What’s scarier — bats, drum circles or unvaccinated kids?

Just when you thought it was safe to enjoy those visions of sugar-plums dancing in your head, a public health group has declared this week as “Outbreak Week.”  Sort of like Shark Week, if you swap out the Great Whites for antibiotic-resistant superbugs.

The Robert Wood Johnson Foundation, on its NewPublicHealth blog, is asking Americans to recognize Outbreak Week with the tagline “spread the word, not the germs.” The goal is to “crystallize discussion among the public health community and beyond about whether we’re prepared as a nation to handle the next big outbreak—infectious disease or otherwise.”

One installment on the blog lists the “Top 5 Things You Didn’t Know Could Spread Disease.” Here are a few, visit the blog for the rest.

Bats! A Chinese species has been tied to the SARS outbreak.

Drum circles. Animal skins that cover some drums may harbor anthrax spores.

– An unvaccinated child. In a more familiar public health message, RWJF reports that more than two million kids under age three don’t receive all the recommended shots, leaving them vulnerable to diseases including measles and whooping cough, which have both resurged nationally.

RWJF also teamed up with the Trust for American’s Health to release a report today that found major gaps in the country’s ability to prevent and respond to infectious disease outbreaks.

The “Outbreaks: Protecting Americans from Infectious Diseases” report found that 34 states, including Maine, scored five or lower out of 10 key indicators of policies and approaches that protect Americans against infectious diseases.

“There’s a widespread mistaken belief that we have infectious disease under control,” Tom Inglesby, CEO and director of the UPMC Center for Health Security in Baltimore said this morning on a press call about the report.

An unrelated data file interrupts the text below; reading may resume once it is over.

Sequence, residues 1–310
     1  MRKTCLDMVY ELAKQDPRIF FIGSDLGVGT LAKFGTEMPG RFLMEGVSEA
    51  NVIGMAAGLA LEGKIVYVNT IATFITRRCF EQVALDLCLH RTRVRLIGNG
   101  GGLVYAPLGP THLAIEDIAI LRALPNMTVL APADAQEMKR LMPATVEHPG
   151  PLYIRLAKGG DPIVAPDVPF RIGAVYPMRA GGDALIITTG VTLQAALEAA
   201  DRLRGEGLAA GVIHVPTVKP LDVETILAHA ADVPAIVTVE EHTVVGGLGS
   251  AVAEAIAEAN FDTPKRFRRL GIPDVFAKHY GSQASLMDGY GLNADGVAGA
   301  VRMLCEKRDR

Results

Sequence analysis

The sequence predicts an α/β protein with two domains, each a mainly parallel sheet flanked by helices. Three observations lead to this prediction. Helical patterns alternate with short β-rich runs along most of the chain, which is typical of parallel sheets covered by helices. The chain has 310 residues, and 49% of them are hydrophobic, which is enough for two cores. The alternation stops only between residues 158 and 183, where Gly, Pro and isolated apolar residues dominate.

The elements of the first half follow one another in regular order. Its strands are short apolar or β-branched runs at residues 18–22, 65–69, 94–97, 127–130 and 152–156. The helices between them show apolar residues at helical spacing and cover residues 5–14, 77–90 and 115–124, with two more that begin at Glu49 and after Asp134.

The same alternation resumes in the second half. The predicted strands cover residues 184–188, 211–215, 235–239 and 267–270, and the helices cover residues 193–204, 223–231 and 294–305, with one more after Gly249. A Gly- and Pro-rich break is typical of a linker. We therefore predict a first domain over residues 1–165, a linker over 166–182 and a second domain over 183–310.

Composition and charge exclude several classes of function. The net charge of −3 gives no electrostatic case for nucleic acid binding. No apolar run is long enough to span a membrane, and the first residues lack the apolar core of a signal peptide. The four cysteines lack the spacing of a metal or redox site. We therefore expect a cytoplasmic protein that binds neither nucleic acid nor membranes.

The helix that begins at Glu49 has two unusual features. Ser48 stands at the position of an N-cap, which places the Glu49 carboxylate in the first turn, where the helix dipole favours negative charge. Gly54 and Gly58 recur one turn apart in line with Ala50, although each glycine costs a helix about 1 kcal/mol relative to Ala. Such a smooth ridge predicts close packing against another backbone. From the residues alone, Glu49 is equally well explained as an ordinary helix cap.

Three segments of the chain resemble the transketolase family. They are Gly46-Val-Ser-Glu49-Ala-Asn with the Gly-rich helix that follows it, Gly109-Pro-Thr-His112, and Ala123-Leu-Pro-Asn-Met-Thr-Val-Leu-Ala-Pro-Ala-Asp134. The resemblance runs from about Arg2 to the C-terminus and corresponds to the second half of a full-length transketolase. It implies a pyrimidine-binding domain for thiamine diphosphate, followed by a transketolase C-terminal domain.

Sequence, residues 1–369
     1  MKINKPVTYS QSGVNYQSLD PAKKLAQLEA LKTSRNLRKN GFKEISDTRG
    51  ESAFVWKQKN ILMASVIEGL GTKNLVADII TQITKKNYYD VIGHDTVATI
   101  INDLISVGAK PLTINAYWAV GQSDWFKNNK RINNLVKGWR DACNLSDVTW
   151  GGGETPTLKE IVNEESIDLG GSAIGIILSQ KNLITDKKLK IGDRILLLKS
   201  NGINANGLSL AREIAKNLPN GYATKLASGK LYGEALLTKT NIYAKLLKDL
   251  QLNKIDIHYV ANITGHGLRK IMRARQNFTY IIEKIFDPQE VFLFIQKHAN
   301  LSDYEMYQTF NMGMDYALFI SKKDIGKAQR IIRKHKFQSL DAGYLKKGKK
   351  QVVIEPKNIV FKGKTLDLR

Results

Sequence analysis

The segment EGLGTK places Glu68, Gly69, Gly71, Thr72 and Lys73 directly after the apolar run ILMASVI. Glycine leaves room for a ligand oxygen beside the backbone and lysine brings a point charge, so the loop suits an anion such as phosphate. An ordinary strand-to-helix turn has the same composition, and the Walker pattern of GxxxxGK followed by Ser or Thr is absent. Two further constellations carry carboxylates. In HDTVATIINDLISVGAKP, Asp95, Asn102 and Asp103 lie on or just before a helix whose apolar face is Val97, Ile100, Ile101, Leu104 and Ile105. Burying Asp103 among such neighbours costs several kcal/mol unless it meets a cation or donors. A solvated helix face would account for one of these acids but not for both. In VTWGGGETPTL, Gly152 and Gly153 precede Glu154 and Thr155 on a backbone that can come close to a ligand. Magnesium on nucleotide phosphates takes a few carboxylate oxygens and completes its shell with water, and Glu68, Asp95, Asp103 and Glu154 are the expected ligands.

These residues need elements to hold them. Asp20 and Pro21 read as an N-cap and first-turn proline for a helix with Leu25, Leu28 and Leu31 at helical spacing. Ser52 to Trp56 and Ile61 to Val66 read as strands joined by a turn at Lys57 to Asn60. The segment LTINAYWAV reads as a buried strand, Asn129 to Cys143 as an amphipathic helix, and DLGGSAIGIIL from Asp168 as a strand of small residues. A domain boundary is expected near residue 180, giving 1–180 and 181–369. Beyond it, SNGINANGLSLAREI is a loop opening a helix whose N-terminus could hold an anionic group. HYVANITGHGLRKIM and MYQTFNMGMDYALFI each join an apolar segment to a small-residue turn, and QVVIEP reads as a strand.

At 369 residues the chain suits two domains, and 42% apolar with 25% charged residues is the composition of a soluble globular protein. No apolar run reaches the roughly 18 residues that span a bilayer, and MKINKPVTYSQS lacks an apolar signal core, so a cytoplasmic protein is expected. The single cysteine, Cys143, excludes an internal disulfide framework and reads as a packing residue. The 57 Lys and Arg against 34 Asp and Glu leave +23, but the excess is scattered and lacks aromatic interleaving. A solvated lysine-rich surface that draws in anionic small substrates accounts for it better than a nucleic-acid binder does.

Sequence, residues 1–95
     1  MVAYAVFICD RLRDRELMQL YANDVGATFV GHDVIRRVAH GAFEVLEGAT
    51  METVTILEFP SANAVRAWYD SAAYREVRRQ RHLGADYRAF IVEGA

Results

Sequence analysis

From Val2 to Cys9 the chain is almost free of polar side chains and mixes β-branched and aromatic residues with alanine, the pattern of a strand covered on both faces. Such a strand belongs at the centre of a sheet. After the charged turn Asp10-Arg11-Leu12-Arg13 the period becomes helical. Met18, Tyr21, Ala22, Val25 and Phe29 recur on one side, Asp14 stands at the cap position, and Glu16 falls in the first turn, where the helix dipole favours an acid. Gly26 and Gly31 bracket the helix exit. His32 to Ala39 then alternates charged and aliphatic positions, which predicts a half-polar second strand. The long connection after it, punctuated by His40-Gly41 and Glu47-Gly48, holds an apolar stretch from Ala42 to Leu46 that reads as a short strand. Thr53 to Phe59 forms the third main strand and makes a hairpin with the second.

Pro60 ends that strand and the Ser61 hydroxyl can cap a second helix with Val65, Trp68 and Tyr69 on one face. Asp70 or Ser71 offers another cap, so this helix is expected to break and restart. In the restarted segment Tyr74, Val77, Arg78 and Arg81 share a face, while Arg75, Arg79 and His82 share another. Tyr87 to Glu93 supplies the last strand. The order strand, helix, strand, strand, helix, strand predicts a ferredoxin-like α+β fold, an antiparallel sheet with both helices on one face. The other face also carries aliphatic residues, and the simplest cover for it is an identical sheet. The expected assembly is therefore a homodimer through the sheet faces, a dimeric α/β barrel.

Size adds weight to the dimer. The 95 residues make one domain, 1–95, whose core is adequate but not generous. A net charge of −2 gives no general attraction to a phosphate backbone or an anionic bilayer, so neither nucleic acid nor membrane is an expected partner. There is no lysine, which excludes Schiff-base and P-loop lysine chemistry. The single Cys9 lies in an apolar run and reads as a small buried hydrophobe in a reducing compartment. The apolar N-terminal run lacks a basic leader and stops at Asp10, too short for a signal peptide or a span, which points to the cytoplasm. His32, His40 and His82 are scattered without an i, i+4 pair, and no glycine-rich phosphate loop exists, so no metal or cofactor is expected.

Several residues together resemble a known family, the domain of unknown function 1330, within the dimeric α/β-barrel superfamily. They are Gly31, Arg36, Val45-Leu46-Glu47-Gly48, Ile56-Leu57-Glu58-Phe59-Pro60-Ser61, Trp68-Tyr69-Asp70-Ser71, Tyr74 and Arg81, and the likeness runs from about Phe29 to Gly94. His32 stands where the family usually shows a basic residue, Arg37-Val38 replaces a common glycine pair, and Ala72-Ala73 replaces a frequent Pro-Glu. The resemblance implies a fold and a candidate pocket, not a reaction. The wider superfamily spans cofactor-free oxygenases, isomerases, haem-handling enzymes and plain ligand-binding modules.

New Hampshire scored the highest, with eight out of 10 indicators. Georgia, Nebraska, and New Jersey fared the worse, with just two.

Here’s Maine’s performance:




Number of States Receiving Points

A “Y” means the state received a point for that indicator

1 Increased or maintained level of funding for public health services from FY 2011-12 to FY 2012-13.


2 Met the HHS goal of vaccinating 90 percent of 19- to 35-month-olds against whooping cough.

2 + D.C.

3 Requires the HPV vaccine for teens — or funds HPV vaccination efforts or educates the public about the HPV vaccine.


23 + D.C.

4 State vaccinated at least half of their population (ages 6 months and older) for the seasonal flu during the 2012-2013 flu season.



5 State has a complete climate change adaptation plan that include focusing on the impact of human health.



6 State mandates that healthcare facilities in their state report healthcare-associated infections.


35 + D.C.

7 Does your public health lab have a plan and capability to handle a significant surge in testing over a six to eight week period in response to an outbreak that increases testing over 300%.

36 + D.C.

8 Does your public health lab currently have the capacity in place to assure the timely transportation (pick-up and delivery) of samples 24/7/365 days to the appropriate public health Laboratory.


46 + D.C.

9 From July 1, 2012 to June 30, 2013 did your public health lab evaluate the functionality of your continuity of operations plan (COOP) via a real event or an exercise.


10 State covers routine HIV screening under their Medicaid programs.

31 + D.C.



What’s climate change have to do with public health? In addition to more heat waves and destructive weather patterns, Inglesby said we will again face diseases previously eradicated in the U.S., such as the tropical Dengue fever, a viral infection transmitted by mosquitoes. Cases are ticking up in the southern U.S. as the warming climate encourages the insects’ spread and prolongs the season during which they can infect humans.




Jackie Farwell

About Jackie Farwell

I'm the health editor for the Bangor Daily News, a Bangor native, a UMaine grad, and a weekend crossword warrior. I never get sick of writing about Maine people, geeking out over health care data, and finding new ways to help you stay well. I live in Gorham with my husband Nick and our hound dog Riley.